Commencement 2016: The Highlights

POSTED ON: May 27, 2016

Commencement 2016. Photo by Island Photography/The Cooper Union

Commencement 2016. Photo by Island Photography/The Cooper Union

The 157th graduating class of The Cooper Union for the Advancement of Science and Art officially became alumni on May 24, 2016. [See the photo gallery.] The weather may have been overcast and drizzling but inside The Great Hall things were bright and upbeat. A packed house cheered the graduating students as they entered to the sound of the bagpipes. Richard Lincer, chairman of the board of trustees, greeted the crowd and introduced the Reverend Jacqueline J. Lewis, senior minister of Middle Collegiate Church who, wearing a gown that evoked Joseph's coat of many colors, delivered the Invocation.

Once everyone had settled down, Bill Mea, the acting president, took the podium to the sounds of The Grateful Dead. After offering some words of wisdom, he became noticeably moved as he concluded with, "It has been my honor to serve you."

Next came the student awards. The Jacques and Natasha Gelman Foundation Award went to Sedrick Chisom A'16. The Harold S. Goldberg Prize went to Harry (Hailey) Kim CE'16, who also graduated Summa Cum Laude. The Toni and David Yarnell Merit Award of Excellence in Architecture was shared by Alice Coverd AR'16 and Max Dowd AR'16. The Toni and David Yarnell Merit Award of Excellence in Art went to Ian Langehough.

The student address was officially delivered by Andy Overton A'16, with assistance by Hunter Mayton A'16. "Hold on to your ideals, crafted as they were in this ideal house, and continue unapologetically, seeking out always more," Andy told the crowd. [Read the full text.]

Then the Presidential Citations were granted. Though not granted for several years, the awards go to alumni who have distinguished themselves in their fields. This year the awards went to John Leeper AR'85, William Morrison A'89 and Jason Banfelder ChE'93 & MChE'96, each of whom said a few words in appreciation.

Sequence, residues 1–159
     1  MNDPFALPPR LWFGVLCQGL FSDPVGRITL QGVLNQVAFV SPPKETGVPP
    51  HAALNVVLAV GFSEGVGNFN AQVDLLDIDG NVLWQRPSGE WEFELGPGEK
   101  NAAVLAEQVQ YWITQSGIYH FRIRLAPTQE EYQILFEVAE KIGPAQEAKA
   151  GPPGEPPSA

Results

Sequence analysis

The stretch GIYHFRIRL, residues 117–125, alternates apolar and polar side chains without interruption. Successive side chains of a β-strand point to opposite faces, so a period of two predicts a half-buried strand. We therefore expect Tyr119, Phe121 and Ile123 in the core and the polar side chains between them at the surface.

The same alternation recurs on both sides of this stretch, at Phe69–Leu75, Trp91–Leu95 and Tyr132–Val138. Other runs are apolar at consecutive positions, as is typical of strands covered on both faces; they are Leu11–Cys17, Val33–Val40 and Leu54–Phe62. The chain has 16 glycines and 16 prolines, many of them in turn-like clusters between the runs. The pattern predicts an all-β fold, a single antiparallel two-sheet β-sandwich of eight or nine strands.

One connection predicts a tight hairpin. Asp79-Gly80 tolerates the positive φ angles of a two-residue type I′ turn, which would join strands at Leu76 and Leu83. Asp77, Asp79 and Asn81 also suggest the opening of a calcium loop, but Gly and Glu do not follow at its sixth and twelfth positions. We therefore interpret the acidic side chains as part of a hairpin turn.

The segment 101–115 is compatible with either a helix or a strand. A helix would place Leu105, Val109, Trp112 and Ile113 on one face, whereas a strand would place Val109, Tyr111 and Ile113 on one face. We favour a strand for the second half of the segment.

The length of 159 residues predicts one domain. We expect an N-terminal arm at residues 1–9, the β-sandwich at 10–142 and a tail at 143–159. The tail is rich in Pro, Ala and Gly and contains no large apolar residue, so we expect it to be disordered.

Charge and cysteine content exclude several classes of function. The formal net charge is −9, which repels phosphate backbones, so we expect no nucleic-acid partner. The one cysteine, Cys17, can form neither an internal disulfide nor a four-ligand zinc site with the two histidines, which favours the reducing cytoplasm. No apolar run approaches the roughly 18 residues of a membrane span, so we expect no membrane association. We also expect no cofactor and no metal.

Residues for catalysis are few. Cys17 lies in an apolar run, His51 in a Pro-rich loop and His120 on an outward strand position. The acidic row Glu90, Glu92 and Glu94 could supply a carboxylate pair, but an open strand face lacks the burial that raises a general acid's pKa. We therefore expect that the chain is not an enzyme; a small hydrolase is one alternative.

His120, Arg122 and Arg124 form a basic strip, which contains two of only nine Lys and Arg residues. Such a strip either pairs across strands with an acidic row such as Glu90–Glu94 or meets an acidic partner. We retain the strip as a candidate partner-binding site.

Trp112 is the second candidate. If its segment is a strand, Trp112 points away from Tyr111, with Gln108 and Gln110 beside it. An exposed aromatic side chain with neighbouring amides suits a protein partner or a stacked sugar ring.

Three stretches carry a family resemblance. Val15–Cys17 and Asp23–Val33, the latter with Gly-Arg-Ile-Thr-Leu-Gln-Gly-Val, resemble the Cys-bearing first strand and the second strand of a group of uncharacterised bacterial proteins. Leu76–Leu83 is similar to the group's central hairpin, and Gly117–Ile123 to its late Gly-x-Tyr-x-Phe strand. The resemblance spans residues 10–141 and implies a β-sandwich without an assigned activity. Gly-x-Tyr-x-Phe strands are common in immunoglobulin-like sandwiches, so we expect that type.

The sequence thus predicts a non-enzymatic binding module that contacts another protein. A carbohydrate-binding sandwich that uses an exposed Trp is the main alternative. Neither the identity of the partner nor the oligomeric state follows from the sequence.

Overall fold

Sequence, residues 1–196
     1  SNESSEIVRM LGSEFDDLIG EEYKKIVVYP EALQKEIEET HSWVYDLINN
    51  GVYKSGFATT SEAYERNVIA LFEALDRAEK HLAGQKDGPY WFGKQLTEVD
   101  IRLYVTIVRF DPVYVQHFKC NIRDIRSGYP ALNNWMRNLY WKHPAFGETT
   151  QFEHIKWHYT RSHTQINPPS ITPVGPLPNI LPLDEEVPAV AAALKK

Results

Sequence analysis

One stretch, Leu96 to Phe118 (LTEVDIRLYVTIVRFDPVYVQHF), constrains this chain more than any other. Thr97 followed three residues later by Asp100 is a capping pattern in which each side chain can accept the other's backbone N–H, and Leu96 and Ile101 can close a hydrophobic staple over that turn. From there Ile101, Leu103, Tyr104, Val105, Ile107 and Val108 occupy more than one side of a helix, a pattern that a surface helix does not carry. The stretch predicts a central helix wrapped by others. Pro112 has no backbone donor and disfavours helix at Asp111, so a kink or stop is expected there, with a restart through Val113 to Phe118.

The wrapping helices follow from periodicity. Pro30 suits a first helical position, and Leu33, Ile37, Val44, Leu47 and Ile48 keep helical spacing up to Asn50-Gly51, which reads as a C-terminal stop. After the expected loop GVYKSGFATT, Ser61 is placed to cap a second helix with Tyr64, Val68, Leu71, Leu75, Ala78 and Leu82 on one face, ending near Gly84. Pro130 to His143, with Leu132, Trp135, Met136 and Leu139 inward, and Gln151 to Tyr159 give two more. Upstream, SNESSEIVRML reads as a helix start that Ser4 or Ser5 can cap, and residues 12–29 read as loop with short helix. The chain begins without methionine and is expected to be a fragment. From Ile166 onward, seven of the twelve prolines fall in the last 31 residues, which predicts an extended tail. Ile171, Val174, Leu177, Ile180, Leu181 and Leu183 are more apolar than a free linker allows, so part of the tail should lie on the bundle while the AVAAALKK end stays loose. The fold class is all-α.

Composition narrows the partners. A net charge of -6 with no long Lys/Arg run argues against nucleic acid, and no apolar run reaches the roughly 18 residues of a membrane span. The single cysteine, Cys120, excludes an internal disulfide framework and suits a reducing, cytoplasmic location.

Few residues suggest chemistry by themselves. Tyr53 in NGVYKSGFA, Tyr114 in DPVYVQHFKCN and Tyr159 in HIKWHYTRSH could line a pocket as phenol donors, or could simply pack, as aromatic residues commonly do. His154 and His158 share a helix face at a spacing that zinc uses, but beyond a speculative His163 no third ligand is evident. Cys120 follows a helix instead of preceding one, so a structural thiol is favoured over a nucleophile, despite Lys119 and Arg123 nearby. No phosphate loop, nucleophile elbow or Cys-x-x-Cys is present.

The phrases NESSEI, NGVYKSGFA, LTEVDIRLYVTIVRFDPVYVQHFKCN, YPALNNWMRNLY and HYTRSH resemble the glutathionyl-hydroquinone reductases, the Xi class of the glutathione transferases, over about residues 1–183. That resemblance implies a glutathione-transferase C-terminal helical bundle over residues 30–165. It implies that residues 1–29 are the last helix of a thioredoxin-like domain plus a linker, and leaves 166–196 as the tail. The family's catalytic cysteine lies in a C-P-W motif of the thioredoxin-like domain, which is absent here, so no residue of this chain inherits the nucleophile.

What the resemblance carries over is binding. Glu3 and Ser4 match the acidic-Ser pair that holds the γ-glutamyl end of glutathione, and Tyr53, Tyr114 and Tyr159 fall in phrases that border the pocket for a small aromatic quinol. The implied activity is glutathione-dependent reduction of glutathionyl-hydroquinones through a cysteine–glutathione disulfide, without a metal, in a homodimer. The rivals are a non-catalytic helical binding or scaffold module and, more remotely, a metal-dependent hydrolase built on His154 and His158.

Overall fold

The commencement address was then delivered by Denise Young Smith, vice president of worldwide human resources at Apple, Inc. "I hope that you each find a path that enables you to do your life’s best work," she told the students, "If you stand in your true self… if you are honest, empathetic, and kind… you will find it. It will find you. And you will be successful as you uniquely define it." [Read the full text.]

After the diplomas were handed out, it was time for the unveiling of the senior class gift, which, with a matching challenge grant from a foundation created by the descendants of Peter Cooper, reached over $14,000.

With one final round of applause the new alumni of The Cooper Union then exited the hall.

  • Founded by inventor, industrialist and philanthropist Peter Cooper in 1859, The Cooper Union for the Advancement of Science and Art offers education in art, architecture and engineering, as well as courses in the humanities and social sciences.

  • “My feelings, my desires, my hopes, embrace humanity throughout the world,” Peter Cooper proclaimed in a speech in 1853. He looked forward to a time when, “knowledge shall cover the earth as waters cover the great deep.”

  • From its beginnings, Cooper Union was a unique institution, dedicated to founder Peter Cooper's proposition that education is the key not only to personal prosperity but to civic virtue and harmony.

  • Peter Cooper wanted his graduates to acquire the technical mastery and entrepreneurial skills, enrich their intellects and spark their creativity, and develop a sense of social justice that would translate into action.